Bankruptcy is too complicated to file without the help of a lawyer. You will not be able to a draw up a suit that does not harm you and in any case there are so many hidden damages that can occur which one will find out only in the future.

From what I've seen, the success rate of getting pro se Chapter 13 cases confirmed approaches zero.

While Congress was requiring debtors' attorneys to tell debtors they can proceed with out an attorney (Section 527(b)) they were creating detailed mandatory filing requirements - with "automatic dismissal" - that very, very few non-attorneys are going to be able to comply with.

Thus, in most jurisdictions the majority of Chapter 13 cases, and a substantial number of Chapter 7 cases, get dismissed before there is even a first meeting of creditors.

Sure, the client is paying for my experience and familiarity with the process, etc. etc. But they're also paying for my malpractice coverage. A wise person will understand the import of the preceding sentence because I'm not talking firm overhead.

It would be interesting to see a breakdown of pro se bankruptcy filers by profession/education level. I think most CPAs could file pro se no sweat.

In 13s our BK judge tells pro-se debtors that they don't actually pay Attorneys fees... He says that BK attorneys take their fees from Unsecured creditors. Obviously in non-100% plans.. Deadlines deadlines deadlines.... If attorneys don't want to do it for themselves...What does that say about the Bankruptcy process? I can't count how many attorneys we are currently helping. Now with the UST so aggro on 7 filings, one slip up and you could be facing a 707 motion at best.. on the other end of the spectrum.....bankruptcy fraud... What then?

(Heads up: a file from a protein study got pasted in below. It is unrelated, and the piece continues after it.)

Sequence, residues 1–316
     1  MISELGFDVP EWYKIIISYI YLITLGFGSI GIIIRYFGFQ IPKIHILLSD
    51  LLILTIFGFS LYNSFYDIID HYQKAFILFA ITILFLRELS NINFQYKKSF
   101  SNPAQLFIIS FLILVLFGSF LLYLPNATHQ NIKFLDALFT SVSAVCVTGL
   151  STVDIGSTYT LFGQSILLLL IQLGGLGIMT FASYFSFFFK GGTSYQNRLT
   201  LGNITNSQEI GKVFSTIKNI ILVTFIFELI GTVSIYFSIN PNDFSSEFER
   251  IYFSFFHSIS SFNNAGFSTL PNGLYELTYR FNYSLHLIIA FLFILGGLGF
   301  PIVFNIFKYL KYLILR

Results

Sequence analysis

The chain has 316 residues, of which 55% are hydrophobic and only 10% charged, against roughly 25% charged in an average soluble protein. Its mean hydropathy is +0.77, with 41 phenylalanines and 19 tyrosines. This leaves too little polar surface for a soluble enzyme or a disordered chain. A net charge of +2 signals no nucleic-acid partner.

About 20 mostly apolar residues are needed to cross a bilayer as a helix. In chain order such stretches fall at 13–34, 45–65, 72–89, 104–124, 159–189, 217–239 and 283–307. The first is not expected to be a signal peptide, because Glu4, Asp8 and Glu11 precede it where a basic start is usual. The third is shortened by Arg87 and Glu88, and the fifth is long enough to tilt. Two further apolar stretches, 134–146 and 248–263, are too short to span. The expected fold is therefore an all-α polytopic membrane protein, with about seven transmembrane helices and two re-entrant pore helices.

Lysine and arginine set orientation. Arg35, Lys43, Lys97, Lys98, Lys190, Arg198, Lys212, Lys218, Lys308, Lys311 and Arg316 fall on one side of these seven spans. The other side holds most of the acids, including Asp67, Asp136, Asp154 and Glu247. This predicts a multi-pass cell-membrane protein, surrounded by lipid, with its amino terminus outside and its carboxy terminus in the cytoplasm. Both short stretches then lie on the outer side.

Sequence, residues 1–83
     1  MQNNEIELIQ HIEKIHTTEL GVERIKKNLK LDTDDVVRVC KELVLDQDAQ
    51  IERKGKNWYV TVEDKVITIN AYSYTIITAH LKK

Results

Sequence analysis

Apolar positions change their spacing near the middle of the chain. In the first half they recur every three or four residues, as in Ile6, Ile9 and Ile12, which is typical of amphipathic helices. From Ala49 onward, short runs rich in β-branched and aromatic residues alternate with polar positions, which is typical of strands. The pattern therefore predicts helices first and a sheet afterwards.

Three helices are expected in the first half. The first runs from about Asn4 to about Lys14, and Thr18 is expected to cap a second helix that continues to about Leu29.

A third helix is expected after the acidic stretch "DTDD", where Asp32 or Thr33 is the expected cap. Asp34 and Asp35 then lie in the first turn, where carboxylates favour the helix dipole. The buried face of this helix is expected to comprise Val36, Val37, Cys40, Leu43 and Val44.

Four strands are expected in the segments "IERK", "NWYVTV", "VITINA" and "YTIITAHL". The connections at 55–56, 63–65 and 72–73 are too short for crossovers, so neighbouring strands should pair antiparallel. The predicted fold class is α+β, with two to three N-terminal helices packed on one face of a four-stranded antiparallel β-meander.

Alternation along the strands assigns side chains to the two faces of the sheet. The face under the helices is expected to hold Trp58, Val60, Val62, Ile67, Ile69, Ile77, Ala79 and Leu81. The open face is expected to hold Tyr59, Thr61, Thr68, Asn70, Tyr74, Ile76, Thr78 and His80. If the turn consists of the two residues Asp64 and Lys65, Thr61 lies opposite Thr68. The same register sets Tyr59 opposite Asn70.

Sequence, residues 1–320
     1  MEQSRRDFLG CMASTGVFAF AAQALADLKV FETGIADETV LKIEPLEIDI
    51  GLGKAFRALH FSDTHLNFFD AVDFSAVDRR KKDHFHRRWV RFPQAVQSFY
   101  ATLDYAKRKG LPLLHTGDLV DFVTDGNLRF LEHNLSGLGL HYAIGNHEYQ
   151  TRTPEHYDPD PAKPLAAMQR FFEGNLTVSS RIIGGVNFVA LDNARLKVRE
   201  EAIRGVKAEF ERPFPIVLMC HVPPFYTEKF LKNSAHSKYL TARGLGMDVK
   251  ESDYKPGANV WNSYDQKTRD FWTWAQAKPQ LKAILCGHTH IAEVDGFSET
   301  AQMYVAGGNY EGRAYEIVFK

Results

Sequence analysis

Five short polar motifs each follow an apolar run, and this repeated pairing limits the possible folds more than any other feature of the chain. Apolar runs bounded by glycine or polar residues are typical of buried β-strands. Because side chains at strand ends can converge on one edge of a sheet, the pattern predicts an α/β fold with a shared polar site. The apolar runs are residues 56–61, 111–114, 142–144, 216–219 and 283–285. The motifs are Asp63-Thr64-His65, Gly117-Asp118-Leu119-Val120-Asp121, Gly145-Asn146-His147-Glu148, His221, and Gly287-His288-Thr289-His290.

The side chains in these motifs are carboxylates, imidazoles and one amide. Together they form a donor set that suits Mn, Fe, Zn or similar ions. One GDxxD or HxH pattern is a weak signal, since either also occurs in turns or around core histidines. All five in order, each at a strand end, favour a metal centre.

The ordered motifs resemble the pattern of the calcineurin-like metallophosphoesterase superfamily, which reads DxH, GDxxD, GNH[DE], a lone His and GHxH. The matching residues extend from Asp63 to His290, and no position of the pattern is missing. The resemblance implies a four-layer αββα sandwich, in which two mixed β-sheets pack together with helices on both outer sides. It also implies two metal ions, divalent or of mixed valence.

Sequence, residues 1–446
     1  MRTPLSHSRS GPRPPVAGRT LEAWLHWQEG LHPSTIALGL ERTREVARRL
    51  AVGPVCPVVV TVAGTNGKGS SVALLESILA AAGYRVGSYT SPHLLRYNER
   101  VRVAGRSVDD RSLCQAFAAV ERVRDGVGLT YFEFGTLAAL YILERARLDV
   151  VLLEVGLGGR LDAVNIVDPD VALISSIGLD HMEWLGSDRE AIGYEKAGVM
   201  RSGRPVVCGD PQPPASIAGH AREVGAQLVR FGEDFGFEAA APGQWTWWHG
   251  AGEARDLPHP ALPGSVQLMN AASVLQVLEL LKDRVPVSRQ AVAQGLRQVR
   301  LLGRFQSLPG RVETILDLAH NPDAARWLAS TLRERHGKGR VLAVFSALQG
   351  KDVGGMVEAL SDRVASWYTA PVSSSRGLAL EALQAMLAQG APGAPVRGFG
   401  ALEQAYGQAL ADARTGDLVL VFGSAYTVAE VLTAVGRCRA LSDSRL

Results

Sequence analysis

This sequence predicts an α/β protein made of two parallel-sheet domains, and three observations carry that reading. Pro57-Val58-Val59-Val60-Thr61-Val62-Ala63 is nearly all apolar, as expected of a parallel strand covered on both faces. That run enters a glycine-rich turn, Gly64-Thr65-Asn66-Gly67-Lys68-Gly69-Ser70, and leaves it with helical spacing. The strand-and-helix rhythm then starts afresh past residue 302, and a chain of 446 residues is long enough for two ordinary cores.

If you can figure out the means test as a non-attorney and you have never seen how it works.....we may have an opening for you!

I blame the means test for our slow economic recovery (Corporate bonuses may be tied in there as well in that they could push the losses further into the future) .. just saying...

There are lots of sources of information, besides friends and relatives, in learning on how to do a bk, for those who are willing to put in the time and effort to learn it. There have been books for a long time, and now websites, including free tools to help with the means test. (e.g. http://www.legalconsumer.com)
Sure, there are those who aren't cut out for doing their own BK. But some are. If your job involved following detailed instructions and filling out long, detailed forms (say in their job in a technical field or otherwise) it is quite possible to follow detailed directions and successfully file BK pro se.

You assert that it's "likely" that these folks aren't achieving as good results as they could have without a lawyer, but offer no data to back that up. As an author of the leading book on how to file your own bk for the past 20 years, it's not unusual to get letters from people who say they were the most prepared person at the 341 meeting.
I would be interested to see some followup research to back up your assertion that pro se debtors (are less successful than those who used a lawyer. I think it has more to do with how well prepared you are, whether you're a lawyer or not.